View Full Version : Flying a Quicksilver MX Sprint

07-21-2015, 07:14 AM
Hello All,
Some background: I'm a 140 hour Sport Pilot, who has flown the CTLS, Tecnam Eaglet and Aeronca Champ. In May, I received 7 hours of transition training to a Quicksilver Sport 2S and purchased a factory demo of the new QS MX-103 Sprint (http://quicksilveraircraft.com/mx-103.php). I have no problems with take offs, straight flight and landings, including power-off landings. (in fact, I LOVE landing this plane!) But, seem to not have the kind of control I am used to in the other planes I have flown. I have similar issues with the Sport 2S, but they don't feel as excessive.

Basically, I took off in a no wind situation to 277 and leveled off at 300 feet where there was a 6-7 knot wind coming from 290, according to the current winds aloft predictions. This runway has a right hand pattern requirement, so I started a turn with both aileron and rudder. Well, I thought I was gonna roll over. It was a very small control input. I found myself having to use left aileron to keep it under control. If let up on the right rudder I could not turn. When making left turns (into the 290 wind), I had the opposite problem of having to shove the aileron all the way to the left to get any sort of turn. I added rudder which helped. I was just totally frustrated and a more that a little concerned because obviously I was not doing the right thing.

I get (intellectually) that between the short coupling, huge rudder and push prop blast, that this is a rudder dominant plane. In the Sport 2S, I've actually done rudder only turns. I have not tried that on the MX-103 yet.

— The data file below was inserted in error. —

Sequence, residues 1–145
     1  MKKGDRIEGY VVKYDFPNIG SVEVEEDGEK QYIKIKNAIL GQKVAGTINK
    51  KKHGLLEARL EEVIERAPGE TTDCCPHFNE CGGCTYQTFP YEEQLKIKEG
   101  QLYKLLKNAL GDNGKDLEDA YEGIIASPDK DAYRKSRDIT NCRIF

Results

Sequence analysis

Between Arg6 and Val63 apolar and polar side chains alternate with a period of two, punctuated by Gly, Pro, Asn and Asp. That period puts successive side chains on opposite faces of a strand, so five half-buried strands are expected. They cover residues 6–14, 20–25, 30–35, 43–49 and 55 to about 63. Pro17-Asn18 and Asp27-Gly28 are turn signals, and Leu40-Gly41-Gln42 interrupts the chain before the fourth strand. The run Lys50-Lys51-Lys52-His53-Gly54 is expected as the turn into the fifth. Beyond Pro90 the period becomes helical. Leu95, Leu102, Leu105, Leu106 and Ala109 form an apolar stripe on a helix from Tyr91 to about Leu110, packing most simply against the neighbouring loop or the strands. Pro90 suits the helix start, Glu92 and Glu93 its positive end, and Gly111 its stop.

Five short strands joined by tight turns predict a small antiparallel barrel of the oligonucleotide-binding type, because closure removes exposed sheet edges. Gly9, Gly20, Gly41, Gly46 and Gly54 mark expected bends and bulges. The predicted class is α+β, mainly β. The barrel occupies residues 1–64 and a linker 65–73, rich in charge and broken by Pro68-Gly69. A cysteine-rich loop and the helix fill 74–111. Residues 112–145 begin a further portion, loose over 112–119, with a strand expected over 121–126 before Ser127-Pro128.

Before I go back up, I was wondering if there was any guidance other MX Sprint pilots might provide on performing turns with that plane.

slow biplane
07-25-2015, 10:01 AM
Maybe your control wouldl be satisfactory if you used lots of rudder and didn't expect too much from the ailerons. Some of the Quicksilvers are known for weakness in the direct roll controls, and are steered almost completely with the rudder.

Converting to rudder control was a little weird for me, but not for lack of response, mainly just because of the side forces.

I fly an ultralight with twice as much wing and half as much engine, steering only with the rudder, so my control response is pretty consistent, but power on and power off are still different. Could these control issues be partly a matter of engine power settings? You have a much higher power to weight ratio you had in the trainer.

I like the new Quicksilver approach of promoting a true ultralight and a two place trainer (though not an ultralight) to support it.

09-14-2015, 03:10 PM
Before I go back up, I was wondering if there was any guidance other MX Sprint pilots might provide on performing turns with that plane.
JoeYou probably have figured this out by now but I'll share my experience of 400+ hrs in a Sprint II.

In most airplanes one rolls into the turn with the aileron and coordinates the turn with the rudder. In the Sprint, roll into the turn with the rudder and coordinate it with the aileron. Have had dozens of fellow GA pilots up in my Sprint II. My advice is always "Fly it with your feet".

You'll also find that getting use to flying it with your feet will help you in any kind of turbulence where you might get a wing lifted. You'll be leveling the wings more with your feet than the ailerons. It's a combination of all that dihedral, a pusher prop, that big rudder, p-factor, etc. Very, very rudder dominant. [But a LOT of fun to fly.]